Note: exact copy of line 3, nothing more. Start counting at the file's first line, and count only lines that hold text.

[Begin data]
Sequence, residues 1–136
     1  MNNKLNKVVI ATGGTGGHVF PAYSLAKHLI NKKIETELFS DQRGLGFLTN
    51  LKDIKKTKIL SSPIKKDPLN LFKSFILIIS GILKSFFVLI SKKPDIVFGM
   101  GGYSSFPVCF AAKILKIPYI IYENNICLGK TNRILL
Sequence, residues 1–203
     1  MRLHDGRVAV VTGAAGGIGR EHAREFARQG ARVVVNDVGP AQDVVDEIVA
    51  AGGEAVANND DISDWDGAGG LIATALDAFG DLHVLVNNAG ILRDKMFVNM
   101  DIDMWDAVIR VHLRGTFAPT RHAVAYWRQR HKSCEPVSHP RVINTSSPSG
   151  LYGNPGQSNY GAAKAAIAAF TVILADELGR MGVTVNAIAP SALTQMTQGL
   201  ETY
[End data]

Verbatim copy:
    51  LKDIKKTKIL SSPIKKDPLN LFKSFILIIS GILKSFFVLI SKKPDIVFGM